http://www.weather.gov/media/chs/products/PNS/PNS_20151005_1602.pdf

I also provided an additional link out of Wilmington NC...click here

Now, many residents will face major flooding along area rivers for the next few days still.

MS

Monday, October 5, 2015

MikJournal Monday 10/05/15

October is a beautiful month...most times. Don't tell that to residents in South Carolina and parts of North Carolina this morning. Late last week, forecast amounts of 15 - 20" for some unfortunate areas placed the region under siege. Days later, they were under water, with a few locations breaching 24".

"A once in a thousand year event." Okay, put it to rest already. It's another one of those 'sensational' expressions that is designed to misinterpret what the actual expression really means. Kinda like Polar Vortex, oh don't get me going about that, but the media loves that word combination.

Scientifically, there is a 0.1% chance that, in this case, flooding rains of this magnitude happen in any given year. Of course, the decimal equivalent of 0.1% is 0.001 or one-thousandth or one in a thousand. The expression 'once in a thousand year event' does not literally mean such an event will not happen again until the year 3015. It's just all about probabilities.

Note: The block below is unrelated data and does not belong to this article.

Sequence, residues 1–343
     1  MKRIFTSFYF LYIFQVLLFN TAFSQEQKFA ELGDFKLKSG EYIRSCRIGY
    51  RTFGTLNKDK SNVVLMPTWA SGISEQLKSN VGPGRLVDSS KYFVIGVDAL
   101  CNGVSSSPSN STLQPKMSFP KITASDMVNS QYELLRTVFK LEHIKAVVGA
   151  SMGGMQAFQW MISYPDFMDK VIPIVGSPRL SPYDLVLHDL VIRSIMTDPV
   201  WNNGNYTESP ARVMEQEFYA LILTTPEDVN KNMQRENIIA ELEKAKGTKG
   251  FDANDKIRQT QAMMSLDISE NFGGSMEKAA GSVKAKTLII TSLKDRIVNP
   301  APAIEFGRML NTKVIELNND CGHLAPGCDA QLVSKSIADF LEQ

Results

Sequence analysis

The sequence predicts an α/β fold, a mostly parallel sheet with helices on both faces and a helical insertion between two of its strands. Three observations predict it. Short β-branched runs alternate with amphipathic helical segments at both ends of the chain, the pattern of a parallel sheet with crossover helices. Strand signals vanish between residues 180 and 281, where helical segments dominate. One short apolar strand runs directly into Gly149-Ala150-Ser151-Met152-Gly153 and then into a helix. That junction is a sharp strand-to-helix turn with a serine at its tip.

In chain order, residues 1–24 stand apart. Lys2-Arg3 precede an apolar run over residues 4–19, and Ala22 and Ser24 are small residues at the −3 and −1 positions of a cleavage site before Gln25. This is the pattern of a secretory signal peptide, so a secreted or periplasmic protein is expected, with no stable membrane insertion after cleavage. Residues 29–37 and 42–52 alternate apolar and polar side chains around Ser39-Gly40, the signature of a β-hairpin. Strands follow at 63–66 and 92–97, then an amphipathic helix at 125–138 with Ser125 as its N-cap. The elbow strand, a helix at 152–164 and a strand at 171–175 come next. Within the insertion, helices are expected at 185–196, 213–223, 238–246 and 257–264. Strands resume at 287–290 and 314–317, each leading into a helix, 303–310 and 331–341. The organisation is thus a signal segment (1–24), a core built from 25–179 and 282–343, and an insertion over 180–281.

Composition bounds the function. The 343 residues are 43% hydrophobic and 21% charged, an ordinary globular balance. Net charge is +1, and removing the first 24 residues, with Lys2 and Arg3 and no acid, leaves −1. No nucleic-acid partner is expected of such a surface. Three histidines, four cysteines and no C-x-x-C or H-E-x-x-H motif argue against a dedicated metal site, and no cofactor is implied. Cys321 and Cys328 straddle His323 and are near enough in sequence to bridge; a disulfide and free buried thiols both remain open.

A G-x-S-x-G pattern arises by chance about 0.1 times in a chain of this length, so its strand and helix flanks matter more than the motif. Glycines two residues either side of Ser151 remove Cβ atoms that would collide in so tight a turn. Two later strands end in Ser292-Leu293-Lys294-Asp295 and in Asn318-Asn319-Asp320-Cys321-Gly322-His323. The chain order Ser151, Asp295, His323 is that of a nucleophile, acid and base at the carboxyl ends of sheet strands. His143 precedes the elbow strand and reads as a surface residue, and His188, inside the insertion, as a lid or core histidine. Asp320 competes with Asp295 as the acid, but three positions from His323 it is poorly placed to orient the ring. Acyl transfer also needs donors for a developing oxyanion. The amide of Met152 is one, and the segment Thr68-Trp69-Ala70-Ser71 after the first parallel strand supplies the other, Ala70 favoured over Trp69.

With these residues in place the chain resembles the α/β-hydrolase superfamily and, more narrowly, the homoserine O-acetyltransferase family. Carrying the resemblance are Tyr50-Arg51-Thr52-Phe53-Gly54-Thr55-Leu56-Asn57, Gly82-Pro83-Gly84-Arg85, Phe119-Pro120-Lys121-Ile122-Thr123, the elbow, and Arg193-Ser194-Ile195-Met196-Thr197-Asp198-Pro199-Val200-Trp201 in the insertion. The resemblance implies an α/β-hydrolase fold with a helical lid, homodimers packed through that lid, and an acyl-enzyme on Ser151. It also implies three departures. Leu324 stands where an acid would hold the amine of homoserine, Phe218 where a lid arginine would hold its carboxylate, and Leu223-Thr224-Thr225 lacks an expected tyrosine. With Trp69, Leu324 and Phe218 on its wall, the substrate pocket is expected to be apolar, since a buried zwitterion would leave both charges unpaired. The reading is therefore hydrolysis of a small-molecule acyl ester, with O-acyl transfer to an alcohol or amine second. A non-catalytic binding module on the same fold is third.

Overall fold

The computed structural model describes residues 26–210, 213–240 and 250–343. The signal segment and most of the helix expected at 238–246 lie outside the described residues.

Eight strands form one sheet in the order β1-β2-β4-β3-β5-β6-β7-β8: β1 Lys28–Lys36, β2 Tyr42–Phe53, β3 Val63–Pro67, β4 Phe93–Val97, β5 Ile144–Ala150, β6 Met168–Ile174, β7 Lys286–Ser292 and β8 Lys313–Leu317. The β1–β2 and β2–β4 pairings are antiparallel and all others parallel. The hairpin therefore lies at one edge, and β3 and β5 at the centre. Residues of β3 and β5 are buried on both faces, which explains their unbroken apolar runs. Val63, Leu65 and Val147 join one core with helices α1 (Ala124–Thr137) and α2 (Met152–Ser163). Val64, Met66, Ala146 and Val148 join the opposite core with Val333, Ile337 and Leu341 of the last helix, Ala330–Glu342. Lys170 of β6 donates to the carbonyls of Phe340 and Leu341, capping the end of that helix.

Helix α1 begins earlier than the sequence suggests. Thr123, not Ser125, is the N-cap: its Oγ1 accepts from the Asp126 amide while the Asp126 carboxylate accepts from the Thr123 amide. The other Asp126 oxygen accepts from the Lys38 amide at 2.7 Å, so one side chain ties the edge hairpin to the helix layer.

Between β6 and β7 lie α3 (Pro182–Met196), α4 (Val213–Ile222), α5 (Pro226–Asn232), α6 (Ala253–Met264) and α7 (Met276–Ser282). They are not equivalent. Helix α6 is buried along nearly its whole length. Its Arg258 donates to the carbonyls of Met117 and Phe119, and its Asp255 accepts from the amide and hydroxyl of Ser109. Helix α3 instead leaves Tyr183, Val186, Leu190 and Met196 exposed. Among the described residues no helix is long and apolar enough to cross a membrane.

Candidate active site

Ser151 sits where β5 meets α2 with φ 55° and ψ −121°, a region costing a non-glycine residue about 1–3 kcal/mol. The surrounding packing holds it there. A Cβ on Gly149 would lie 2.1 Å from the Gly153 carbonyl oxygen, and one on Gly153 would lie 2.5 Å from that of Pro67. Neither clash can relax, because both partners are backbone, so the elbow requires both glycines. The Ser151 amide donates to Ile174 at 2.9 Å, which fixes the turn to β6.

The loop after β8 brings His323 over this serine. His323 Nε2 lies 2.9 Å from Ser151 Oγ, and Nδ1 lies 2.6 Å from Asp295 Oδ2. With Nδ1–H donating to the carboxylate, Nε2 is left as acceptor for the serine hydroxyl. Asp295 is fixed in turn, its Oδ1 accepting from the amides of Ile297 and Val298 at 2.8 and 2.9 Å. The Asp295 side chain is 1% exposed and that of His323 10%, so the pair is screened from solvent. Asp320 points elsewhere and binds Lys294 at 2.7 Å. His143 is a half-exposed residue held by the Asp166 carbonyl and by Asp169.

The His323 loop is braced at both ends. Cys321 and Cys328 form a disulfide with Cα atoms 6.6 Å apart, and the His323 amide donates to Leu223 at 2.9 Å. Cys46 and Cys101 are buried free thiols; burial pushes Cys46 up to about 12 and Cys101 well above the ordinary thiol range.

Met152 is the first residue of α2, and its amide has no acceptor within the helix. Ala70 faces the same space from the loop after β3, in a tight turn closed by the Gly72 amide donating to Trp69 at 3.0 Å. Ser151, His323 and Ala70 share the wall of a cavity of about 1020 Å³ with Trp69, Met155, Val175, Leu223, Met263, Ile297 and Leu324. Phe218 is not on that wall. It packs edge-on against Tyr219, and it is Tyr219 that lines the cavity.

A couple of years ago, Boulder CO also experienced a once in a thousand year flood event.

Check out the latest snow cover map...more white recently.
http://www.natice.noaa.gov/pub/ims/ims_gif/DATA/cursnow_usa.gif


The map above does not show Alaska, but parts of the state saw  record snowfall ending the month of September.

But you know what? The weather for this week looks absolutely delightful. After an almost cold feel for the last few days, I think I can put winter off for a little bit longer.

MS








Friday, October 2, 2015

Follow the East Coast Action

10:00a.m.